acmotor, your summary of AS3000 is great.
Planned EV: '63 Cortina using AC and LiFePO4 Battery Pack

HeadsUp
Groupie
Posts: 265
Joined: Sat, 28 Feb 2009, 09:13
Real Name: Mark W
Location: Sydney

NCOP14 regulations, safety and revision

Post by HeadsUp » Sun, 01 Mar 2009, 06:52

i didnt have 3 hours to read all three pages of posts in this thread , so... forgive me if this has been mentioned already

Regarding electrical safety

the field winding of the motor will probably also need to be isolated at the motor to prevent a towed vehicle from becoming a generator , so include a breaker at that location

love the stuff i read already , you guys are doing great work .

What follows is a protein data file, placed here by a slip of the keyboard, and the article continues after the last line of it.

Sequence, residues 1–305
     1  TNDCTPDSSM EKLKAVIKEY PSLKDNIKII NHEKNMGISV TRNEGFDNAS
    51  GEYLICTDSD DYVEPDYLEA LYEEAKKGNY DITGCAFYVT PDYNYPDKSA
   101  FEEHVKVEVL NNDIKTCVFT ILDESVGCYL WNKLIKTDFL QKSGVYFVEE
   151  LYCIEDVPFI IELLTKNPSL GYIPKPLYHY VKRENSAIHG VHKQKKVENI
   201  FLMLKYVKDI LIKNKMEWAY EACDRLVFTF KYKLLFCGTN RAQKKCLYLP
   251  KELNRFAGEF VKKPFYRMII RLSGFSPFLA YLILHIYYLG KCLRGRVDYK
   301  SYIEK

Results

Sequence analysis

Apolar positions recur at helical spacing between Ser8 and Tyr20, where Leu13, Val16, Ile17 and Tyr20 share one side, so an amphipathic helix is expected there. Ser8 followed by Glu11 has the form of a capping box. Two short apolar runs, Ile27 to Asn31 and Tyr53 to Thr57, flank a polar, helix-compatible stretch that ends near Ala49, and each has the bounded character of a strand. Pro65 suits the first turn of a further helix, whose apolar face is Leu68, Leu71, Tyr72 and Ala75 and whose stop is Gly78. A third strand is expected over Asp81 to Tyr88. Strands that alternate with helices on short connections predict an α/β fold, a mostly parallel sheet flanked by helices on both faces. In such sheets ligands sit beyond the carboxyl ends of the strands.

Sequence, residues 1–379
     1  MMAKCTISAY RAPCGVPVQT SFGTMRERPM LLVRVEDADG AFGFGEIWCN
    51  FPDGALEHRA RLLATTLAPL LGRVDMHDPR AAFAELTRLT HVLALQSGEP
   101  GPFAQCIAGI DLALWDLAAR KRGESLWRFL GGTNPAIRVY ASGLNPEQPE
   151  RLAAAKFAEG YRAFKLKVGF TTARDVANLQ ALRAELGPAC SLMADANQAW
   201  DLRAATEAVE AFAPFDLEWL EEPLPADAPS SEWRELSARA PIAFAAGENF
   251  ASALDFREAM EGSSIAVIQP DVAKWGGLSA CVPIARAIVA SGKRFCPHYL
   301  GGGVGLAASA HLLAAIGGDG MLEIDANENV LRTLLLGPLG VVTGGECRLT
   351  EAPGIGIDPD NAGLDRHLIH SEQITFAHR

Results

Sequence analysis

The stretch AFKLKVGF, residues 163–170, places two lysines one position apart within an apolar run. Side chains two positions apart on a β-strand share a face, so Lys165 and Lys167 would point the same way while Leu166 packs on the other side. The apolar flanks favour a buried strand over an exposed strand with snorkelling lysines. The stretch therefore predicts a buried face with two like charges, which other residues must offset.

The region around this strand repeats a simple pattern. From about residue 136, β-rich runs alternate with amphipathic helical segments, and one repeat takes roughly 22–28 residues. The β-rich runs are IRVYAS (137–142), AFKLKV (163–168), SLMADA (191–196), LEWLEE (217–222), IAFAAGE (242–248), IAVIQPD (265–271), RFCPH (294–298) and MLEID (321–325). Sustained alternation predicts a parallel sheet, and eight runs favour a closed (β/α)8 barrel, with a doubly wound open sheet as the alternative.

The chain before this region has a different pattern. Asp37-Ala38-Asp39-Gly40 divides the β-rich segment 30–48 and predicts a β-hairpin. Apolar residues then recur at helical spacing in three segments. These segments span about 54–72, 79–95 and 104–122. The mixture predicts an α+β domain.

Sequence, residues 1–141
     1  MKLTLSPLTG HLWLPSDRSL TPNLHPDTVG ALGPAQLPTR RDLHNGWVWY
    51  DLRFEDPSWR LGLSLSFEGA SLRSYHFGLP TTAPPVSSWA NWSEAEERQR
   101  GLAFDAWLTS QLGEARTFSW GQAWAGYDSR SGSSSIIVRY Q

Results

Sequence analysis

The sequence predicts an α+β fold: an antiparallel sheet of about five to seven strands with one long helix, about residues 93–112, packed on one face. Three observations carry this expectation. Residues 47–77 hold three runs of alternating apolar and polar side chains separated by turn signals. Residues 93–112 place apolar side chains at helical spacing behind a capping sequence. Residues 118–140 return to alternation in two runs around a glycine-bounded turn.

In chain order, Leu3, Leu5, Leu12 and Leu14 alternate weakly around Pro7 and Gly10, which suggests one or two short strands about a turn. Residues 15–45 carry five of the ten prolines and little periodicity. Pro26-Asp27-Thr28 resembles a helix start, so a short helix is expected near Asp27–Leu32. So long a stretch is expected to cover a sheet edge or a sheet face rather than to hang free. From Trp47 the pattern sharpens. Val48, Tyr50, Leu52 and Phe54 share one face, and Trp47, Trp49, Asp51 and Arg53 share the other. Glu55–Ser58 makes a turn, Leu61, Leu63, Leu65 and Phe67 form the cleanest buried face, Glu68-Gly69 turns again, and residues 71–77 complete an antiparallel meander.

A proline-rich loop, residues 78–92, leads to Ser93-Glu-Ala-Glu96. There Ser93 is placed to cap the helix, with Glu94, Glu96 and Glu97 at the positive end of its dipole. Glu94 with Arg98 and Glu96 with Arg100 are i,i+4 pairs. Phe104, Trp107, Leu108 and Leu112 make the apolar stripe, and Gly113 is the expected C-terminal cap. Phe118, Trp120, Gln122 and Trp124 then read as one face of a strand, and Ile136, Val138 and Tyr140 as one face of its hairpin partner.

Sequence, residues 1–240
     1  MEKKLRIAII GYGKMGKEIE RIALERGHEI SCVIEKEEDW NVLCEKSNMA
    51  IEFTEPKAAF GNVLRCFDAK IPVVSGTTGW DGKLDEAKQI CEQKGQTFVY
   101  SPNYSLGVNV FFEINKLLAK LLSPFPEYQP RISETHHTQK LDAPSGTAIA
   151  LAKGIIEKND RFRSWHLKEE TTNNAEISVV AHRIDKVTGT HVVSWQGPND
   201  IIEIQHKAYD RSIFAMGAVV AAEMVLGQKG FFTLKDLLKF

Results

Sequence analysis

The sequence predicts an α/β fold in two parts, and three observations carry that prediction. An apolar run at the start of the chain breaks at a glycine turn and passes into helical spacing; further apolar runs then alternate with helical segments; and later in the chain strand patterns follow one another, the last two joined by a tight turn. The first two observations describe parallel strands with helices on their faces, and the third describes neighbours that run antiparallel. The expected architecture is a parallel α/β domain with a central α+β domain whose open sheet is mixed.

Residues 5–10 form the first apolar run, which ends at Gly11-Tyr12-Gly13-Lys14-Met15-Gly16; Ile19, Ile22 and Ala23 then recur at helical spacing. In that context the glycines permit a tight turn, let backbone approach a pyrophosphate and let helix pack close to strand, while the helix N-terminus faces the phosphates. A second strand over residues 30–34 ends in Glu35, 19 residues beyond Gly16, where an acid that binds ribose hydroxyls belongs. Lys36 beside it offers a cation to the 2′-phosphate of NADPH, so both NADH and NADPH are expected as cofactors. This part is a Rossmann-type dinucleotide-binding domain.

good luck all.

User avatar
Richo
Senior Member
Posts: 3650
Joined: Mon, 16 Jun 2008, 00:19
Real Name: Richard
Location: Perth, WA

NCOP14 regulations, safety and revision

Post by Richo » Sun, 01 Mar 2009, 08:26

AC won't matter as the bridge is shut down so no EMF is created.
DC you normally have contactors on the motor to change directions.
So when off the contactors are open so a properly wired motor shouldn't ever become a generator.
Help prevent road rage - get outta my way! Blasphemy is a swear word. Magnetic North is a south Pole.

User avatar
acmotor
Senior Member
Posts: 3595
Joined: Thu, 26 Apr 2007, 03:30
Real Name: Tuarn
Location: Perth,Australia

NCOP14 regulations, safety and revision

Post by acmotor » Sun, 01 Mar 2009, 18:13

BLDC or other permanent magnet type motors may present issues though ?
There are usually no contactors involved. (We won't always be using series DC !)

BLDC servos I have worked on warn not to rotate the motor with the controller unpowered as the generation of power can cause damage to the controller circuitry. A short in the controller output stage can cause considerable braking at the motor. I've tried that !!